Over the course of the past 23 years of existence, Greek ROTTING CHRIST have made an amazing transformation from a Grindcore act over a band blasting out Black Metal over Gothic Metal to this unique hybrid between Melodic Black Metal, Gothic atmospheres and also an increasing Greek Folk influence, resulting in a quickly increasing fanbase and favourable reviews all over the place.
I personally discovered Sakis Tolis and his crew back in 1997, when I picked up “A Dead Poem” at a festival and got me hook, line and sinker with its Gothic Metal (plus Sakis’ harsh voice) and the years after I always had the feeling that they were not able to fully replicate its quality, until 2002’s “Genesis” saw them pick up steam in a dramatic way, after “Khronos” (2000) was kind of hanging between the chairs with the return of Black Metal elements, but overall a lack of flow and cohesion. “Genesis” saw them embark on the journey they are still on, with a great, epic mix of Gothic, Black and more, the guitar leads retained their melodies, while the overall atmosphere of the songs was considerably darker and heavier.
“Sanctus Diavolos” in 2004 saw them follow down that road even more, getting more intense and also bringing in some Greek lyrics (“Athanati Este”) and 2007’s “Theogonia” was the pinnacle of their musical creation to that date, having fully found their style with Black Metallic fury, Gothic melodies, high intensity and the courage to try to bring in some genre-atypical elements, such as choirs and also some Greek Folk instruments, such as the zournas.
Now, three years after, “Aealo” has hit and it’s hard to put into mere words how hard it hits! The title is an ancient Greek word meaning as much as “catastrophe” or “destruction” and befits the character of the album, which sounds more Hellenic than ever by the band embracing their culture even more in both lyrics and musical nature. New in their sound is the incorporation of a traditional female choir from Ipsos, named Pleiades, that leaves its stamp on some of the tracks, other than that the characteristics are still the same as on “Theogonia”, just elevated to the next level.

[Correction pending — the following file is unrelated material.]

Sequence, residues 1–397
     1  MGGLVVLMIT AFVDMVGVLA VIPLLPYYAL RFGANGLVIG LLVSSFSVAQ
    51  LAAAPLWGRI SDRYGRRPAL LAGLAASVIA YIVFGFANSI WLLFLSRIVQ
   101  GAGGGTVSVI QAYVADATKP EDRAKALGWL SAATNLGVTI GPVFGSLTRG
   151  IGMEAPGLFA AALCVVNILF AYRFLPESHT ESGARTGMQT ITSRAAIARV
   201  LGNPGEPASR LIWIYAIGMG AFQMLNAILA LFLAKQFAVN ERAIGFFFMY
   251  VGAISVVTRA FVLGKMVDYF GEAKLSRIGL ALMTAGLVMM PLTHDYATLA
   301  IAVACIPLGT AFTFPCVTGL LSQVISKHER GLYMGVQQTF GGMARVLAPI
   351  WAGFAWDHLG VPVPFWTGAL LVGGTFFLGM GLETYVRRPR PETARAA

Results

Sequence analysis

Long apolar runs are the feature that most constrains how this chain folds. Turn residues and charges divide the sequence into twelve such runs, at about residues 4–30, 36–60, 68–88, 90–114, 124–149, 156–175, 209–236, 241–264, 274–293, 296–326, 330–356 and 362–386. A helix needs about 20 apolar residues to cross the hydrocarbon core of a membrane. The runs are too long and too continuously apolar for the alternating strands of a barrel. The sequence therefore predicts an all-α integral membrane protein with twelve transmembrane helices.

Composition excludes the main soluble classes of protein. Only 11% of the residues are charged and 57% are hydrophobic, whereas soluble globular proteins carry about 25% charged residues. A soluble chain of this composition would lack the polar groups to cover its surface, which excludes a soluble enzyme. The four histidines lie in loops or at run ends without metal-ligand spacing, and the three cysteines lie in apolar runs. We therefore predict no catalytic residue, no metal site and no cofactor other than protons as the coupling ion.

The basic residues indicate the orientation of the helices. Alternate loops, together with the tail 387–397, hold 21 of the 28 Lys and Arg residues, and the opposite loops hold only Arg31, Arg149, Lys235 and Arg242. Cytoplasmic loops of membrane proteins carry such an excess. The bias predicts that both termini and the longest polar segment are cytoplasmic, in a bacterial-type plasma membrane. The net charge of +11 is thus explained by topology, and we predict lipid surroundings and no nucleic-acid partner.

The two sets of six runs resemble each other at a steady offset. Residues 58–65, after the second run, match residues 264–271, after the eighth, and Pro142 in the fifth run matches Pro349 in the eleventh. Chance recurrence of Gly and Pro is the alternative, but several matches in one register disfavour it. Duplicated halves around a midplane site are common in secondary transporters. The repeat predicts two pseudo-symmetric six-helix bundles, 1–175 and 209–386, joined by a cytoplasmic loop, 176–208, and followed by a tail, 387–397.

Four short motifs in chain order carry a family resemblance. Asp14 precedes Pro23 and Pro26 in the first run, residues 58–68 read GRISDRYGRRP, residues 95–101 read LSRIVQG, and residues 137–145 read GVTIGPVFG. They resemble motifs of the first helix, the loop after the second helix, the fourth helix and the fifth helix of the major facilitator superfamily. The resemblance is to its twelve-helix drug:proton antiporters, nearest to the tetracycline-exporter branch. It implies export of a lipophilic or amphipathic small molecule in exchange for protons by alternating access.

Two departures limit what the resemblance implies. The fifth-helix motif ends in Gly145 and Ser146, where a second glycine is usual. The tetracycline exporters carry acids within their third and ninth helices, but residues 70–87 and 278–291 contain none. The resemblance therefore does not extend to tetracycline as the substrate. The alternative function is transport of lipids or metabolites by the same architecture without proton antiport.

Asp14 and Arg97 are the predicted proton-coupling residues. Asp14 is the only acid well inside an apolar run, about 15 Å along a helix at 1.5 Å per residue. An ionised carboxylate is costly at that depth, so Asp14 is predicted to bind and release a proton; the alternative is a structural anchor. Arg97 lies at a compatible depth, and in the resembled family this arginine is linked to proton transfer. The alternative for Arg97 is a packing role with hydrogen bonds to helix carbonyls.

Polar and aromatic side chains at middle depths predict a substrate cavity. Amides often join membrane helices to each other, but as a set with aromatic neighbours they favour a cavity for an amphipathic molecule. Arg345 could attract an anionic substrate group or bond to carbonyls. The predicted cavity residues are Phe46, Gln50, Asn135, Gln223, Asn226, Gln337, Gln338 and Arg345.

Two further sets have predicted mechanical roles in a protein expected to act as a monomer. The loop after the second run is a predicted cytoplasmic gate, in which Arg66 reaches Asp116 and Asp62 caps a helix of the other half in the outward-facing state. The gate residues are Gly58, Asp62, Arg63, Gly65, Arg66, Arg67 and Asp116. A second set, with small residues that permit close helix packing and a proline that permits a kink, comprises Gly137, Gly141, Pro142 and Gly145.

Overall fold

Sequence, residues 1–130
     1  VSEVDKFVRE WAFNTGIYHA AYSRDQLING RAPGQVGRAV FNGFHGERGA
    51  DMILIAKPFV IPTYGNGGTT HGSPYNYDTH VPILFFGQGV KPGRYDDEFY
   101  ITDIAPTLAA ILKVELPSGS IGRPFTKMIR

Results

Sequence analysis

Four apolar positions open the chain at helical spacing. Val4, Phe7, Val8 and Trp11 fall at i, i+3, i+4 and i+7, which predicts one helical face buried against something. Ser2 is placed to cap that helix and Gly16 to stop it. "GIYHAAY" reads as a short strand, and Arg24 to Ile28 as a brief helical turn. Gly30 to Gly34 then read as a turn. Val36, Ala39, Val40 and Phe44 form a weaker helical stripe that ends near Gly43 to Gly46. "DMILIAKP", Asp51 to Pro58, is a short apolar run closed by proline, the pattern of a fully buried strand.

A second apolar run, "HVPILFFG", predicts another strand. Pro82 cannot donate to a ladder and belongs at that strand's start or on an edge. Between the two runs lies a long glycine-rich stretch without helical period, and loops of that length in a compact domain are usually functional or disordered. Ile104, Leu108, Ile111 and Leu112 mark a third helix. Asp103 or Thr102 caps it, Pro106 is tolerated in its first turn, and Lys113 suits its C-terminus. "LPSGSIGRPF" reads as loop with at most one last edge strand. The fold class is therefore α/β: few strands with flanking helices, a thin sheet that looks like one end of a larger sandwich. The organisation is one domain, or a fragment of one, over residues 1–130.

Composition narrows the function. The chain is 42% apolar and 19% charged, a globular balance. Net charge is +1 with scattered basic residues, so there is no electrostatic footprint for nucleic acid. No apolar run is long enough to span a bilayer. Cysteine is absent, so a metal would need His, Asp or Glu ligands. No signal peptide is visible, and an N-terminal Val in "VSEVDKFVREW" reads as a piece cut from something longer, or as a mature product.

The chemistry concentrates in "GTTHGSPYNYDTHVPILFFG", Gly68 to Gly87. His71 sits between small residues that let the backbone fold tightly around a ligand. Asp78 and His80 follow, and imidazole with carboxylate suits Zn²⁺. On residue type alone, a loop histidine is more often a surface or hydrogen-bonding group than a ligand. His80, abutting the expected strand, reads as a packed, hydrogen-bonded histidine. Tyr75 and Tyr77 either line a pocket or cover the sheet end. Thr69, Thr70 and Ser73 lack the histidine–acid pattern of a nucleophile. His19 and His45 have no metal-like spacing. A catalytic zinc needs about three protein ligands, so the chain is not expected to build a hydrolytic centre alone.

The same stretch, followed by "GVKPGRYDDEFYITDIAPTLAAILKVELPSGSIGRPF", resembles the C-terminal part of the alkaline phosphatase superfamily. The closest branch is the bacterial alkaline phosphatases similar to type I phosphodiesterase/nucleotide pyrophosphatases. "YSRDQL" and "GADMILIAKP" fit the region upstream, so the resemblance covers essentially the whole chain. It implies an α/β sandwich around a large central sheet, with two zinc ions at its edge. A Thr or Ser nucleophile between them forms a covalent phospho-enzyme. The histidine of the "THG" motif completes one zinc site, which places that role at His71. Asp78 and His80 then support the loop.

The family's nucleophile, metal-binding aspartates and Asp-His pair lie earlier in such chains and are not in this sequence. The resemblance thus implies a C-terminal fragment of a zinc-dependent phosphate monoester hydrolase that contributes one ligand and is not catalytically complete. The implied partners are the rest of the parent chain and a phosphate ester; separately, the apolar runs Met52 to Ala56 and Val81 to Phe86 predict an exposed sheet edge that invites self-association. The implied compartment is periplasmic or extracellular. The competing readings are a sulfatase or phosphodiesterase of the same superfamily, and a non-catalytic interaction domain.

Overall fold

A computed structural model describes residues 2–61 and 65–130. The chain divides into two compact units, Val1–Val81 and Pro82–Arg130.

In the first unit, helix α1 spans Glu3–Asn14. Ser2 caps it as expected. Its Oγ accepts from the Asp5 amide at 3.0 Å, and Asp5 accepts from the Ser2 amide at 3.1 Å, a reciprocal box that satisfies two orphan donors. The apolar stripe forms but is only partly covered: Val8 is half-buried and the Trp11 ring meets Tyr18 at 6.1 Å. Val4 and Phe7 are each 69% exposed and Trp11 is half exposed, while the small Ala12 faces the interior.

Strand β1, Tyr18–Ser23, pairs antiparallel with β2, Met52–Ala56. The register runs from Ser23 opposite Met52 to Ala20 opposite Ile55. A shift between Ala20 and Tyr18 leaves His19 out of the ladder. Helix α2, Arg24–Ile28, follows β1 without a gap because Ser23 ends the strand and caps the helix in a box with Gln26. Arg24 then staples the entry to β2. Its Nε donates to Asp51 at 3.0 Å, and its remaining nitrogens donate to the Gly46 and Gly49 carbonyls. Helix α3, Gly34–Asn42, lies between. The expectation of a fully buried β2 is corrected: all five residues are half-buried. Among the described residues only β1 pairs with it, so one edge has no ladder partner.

If I had to describe “Aealo” in five adjectives only, it would be: intense, defiant, warrior-like, traditional (as in rooted in traditions) and authentic. The title track mirrors these perfectly, with the chants of the Pleiades (which to the uninitiated sound odd, foreign and somehow outlandish), followed by a blastbeat assault that will batter your senses before settling into ROTTING CHRIST’s trademark sound of powerful mid-tempo double-bass, the characteristic riffing and Sakis’ vocals, all of which identify the track as nobody else’s but ROTTING CHRIST. The immense power of the song evokes images of this primordial force that is following the warriors into battle.
I really have to reel myself in to not describe every track in all of its grandeur, so I will have to condense this to the primae inter paris, the first among equals. “Demonon Vrosis” is a typical ROTTING CHRIST song, with some female chants again, but it is the leads and riffs that make this one intense ride through the Greek myths (with the title meaning “Demon’s Food”), but then “Noctis Era” is one of my two favourite tracks on “Aealo”, pounding, heavy, irresistible with these incredible melodies and leads that draw you right in and a very intense atmosphere, followed by the short, but sweet attack of “dub-sag-ta-ke”, which sounds even more primordial with fast and frantic attacks of sharp riffs, which also feature some Greek fiddle (or whichever instrument this is) and these chants again, serving a stark contrast between the two of them.
The other favourite is “Thou Art Lord”, which is a brilliant, slower track that epitomises the meaning of the word intense and features PRIMORDIAL’s Alan Nemtheanga as guest vocalist, who perfectly complements Sakis venomous vocal delivery on this one. Two other songs I have to mention as well, unfortunately for a different reason, for one “Nekron Iahes”, which is more of an interlude, but is solely made up of these odd chants by the Pleiades and no matter how often I listen to it, it makes my neck hair stand on end every time and I definitely feel rubbed against the grain. The other one is more of a bonus track, that being “Orders From The Dead”, a cover version of Greek-American Avantgarde artist Diamanda Galas, who also features on the song, and I just cannot get into this one, mostly due to her overtly theatrical and over-the-top performance.
But that does not take away anything from the sheer intensity and quality of this album, which now truly is the best album that the Athenians have created to date and I am still leery about giving it the full 10/10, because I somehow have that feeling that they have something more up their sleeves. “Theogonia” was about the building of the world, “Aealo” is about the destruction, so no wonder that they are two brilliant albums close in kin right after each other. This is a very serious contender for album of the year and this is going to spin in my player (and head) for a long time to come!
(Online October 14, 2010)